How many times have you looked at a company’s website and come away still not knowing what they do? Maybe they build wizardly rainmakers but who can be sure? The homepage hits you with: “Improve your economics with the increased cloudification of your networks driven by the widespread growth of loT, mobility and 5G.”
In other words, in order to know anything about this company, you need to speak telco. But since your site’s homepage is a public business card, why not give the rest of us a sentence or two about why we should care? If the summary of what you do is help keep companies safe from massive data breaches and save them money at the same time, then why not say that?
So what companies are doing communication right? Here are five to start.
1). 23 and me–at Interactive Day San Diego last week, Jean Freeman, agency head of Zambezi was asked about brands she thinks are doing a good job delivering strong, clear messaging. She cited 23 and me, the genetic testing service that enables you to trace your ancestry, giving it high marks for “synthesizing complex information with infographics and making it accessible for consumers.”
Their homepage below not only tells you exactly what they do, it makes you instantly curious about your favorite subject (you).
2). Trader Joe’s Fearless Flyer. All I can say is I hope they pay their copywriters well because they’re brilliant. Like many people, I love Trader Joe’s for its great prices, quirky hippie vibe and friendly bell-ringing ‘crew members.’
But the thing they do really, really well is create desire for their products. Who needs terms like ‘demand creation’ when you can get moved to buy a box of lemon cake mix you didn’t know you wanted until you read a magic blurb like this:
Joe, you had me at ‘Gilding this lemony lily of a dessert…’
3). AirBnB–yes this company isn’t exactly an up-and-comer and they have a massive ad budget, but that doesn’t mean they don’t deserve props for nailing the wanderlust in all of us. Check out their homepage below and tell me if it doesn’t make you want to get your wheeled North Face duffel out of the garage right this minute.
Notice the word ‘unique’ is on this site as well as 23 and me. Sounds basic but we all crave uniqueness. In the Maslow hierarchy this fits somewhere between ‘love/belonging’ and the highest state of ‘self actualization.’ We all want to believe who we are and what we do matter–whether it’s our DNA or our experiences. AirBnB takes the fear out of where to start and let’s you imagine what your living room in New Delhi could look like. It dares you to go somewhere with strong images and just a few words.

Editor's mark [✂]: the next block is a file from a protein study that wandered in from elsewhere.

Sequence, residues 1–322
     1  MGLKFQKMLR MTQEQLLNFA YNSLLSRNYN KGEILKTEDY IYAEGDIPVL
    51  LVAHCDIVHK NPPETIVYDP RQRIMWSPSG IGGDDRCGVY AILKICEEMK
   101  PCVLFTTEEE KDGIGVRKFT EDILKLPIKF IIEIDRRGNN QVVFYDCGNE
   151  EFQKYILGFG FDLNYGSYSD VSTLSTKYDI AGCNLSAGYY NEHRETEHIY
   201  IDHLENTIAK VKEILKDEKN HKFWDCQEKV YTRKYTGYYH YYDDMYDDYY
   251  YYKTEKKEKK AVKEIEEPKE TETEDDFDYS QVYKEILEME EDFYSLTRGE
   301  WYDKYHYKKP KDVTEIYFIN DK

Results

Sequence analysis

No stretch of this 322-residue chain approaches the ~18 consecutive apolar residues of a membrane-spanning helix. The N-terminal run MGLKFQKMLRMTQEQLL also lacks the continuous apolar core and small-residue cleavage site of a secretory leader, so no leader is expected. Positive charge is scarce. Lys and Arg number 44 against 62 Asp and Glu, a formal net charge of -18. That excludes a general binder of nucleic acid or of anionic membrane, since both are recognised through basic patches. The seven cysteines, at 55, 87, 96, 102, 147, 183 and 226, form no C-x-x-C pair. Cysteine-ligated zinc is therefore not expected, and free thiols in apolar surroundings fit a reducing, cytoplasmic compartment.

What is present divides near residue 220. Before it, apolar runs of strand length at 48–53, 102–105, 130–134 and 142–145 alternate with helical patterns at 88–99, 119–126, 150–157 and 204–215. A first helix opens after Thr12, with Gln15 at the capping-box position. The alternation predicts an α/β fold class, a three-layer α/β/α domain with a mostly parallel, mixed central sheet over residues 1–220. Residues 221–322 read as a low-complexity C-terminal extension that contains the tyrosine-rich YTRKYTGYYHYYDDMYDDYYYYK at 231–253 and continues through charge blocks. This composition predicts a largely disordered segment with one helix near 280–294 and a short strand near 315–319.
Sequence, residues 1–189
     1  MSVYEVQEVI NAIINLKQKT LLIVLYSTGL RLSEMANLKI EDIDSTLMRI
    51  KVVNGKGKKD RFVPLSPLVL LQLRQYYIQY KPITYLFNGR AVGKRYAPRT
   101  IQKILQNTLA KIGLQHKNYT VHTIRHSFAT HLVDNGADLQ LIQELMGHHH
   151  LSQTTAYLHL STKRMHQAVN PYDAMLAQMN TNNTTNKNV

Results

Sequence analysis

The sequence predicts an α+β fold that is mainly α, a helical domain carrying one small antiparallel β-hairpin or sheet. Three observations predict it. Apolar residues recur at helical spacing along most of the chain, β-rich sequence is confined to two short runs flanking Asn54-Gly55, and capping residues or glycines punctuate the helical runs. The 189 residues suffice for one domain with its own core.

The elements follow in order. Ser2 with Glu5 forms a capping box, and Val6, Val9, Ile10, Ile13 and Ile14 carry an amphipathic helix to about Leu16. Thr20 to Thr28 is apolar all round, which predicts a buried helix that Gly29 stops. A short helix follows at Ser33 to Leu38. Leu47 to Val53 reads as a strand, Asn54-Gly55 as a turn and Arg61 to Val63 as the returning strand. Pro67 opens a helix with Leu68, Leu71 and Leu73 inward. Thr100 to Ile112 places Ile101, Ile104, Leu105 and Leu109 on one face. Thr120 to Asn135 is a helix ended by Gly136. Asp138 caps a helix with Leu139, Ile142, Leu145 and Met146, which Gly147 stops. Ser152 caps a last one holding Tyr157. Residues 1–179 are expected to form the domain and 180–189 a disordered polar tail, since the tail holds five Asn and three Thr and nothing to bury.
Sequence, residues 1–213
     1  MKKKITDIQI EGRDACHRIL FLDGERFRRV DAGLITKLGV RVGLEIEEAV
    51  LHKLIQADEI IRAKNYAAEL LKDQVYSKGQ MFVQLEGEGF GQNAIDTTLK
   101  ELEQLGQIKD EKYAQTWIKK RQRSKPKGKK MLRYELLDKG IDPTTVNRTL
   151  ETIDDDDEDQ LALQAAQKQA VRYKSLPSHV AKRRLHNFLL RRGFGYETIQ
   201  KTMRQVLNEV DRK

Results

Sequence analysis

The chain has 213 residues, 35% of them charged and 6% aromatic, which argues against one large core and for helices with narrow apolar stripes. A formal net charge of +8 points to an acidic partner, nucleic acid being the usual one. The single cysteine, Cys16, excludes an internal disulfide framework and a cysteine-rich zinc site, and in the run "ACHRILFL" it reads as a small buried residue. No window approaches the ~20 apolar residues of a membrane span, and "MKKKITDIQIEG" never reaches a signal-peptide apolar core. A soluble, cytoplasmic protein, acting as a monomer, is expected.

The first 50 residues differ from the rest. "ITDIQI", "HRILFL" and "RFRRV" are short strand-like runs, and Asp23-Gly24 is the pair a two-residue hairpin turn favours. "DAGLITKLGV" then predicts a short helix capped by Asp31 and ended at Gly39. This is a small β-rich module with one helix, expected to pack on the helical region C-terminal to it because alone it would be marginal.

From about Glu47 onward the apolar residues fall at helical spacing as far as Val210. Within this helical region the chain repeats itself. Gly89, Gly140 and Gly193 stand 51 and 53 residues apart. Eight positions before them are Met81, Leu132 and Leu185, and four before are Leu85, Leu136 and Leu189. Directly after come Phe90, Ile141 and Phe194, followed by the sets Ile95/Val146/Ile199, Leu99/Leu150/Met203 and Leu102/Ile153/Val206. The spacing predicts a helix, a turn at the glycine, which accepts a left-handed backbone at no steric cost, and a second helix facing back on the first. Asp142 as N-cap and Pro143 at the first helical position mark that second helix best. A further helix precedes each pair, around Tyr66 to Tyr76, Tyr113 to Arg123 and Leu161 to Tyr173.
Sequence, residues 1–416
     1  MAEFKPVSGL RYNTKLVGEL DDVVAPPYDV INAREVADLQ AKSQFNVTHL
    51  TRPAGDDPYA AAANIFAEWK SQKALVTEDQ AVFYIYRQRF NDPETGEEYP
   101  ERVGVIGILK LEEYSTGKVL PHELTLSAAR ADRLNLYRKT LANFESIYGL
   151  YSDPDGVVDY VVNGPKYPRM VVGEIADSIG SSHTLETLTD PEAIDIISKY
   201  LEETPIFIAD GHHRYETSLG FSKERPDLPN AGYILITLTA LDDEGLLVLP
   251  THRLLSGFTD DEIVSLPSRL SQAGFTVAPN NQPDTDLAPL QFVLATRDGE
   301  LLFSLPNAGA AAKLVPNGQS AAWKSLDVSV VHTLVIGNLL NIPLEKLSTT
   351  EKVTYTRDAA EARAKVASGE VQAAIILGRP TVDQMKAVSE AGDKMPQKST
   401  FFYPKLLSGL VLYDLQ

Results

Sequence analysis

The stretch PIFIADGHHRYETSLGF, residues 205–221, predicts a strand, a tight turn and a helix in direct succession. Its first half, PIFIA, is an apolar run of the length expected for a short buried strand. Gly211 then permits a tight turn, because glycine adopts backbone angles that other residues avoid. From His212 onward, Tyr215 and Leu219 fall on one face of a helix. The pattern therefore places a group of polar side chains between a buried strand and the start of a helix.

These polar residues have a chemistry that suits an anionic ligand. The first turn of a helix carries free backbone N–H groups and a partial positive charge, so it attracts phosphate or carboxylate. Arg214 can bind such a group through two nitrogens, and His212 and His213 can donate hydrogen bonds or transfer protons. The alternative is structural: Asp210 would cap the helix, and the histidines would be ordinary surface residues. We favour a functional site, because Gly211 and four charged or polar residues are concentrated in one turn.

4). Kyriba–going a completely different direction, here’s an example of a rapidly growing technology company in San Diego. They’re not a household name, and their product is a very niche enterprise software for businesses who need help with their treasury management.
They aren’t marketing to consumers, but see that? Even I can explain in one sentence what they do. Why? Because, although their site goes deep into geek speak about cloud solutions once you enter it, their homepage is clean and clear. The language is about you–not them. ‘We understand your challenges,’ hits another couple of points on Maslow’s hierarchy: ‘safety’ and ‘esteem’–the need to ensure your company is respected and engaging in safe financial practices. You’re then invited for a consultation. A very tight entry page for a complex suite of products.
5). Canva–I will admit I’m in love with this site and its easy design tools and templates that even a hopeless rookie like me can use. What makes it amazing, though, isn’t the expected elements like the site’s sleek and spare imagery that’s meticulously wrought with an experienced and disciplined hand.
No, what makes it work is the un-intimidating and simple language from the moment you enter the site: ‘Use Canva’s drag-and-drop feature and professional layouts to design consistently stunning graphics.’ Who wouldn’t want consistently stunning? If you haven’t been here yet, this is a seriously cool site and it makes downloading free templates for everything from a resume to a baby shower invite really easy, which addresses a pain point many people would have when considering a DIY graphic design site. Notice the first word in this headline is ‘Easily.’ Boom.
Good communication is about making it easy for the person who’s reading about your company to understand who you are and what you’re offering. It’s also about talking to the customer–their needs, their desires–without crowing right out of the gate. It’s challenging yet intuitive. These five companies do a great job striking that balance.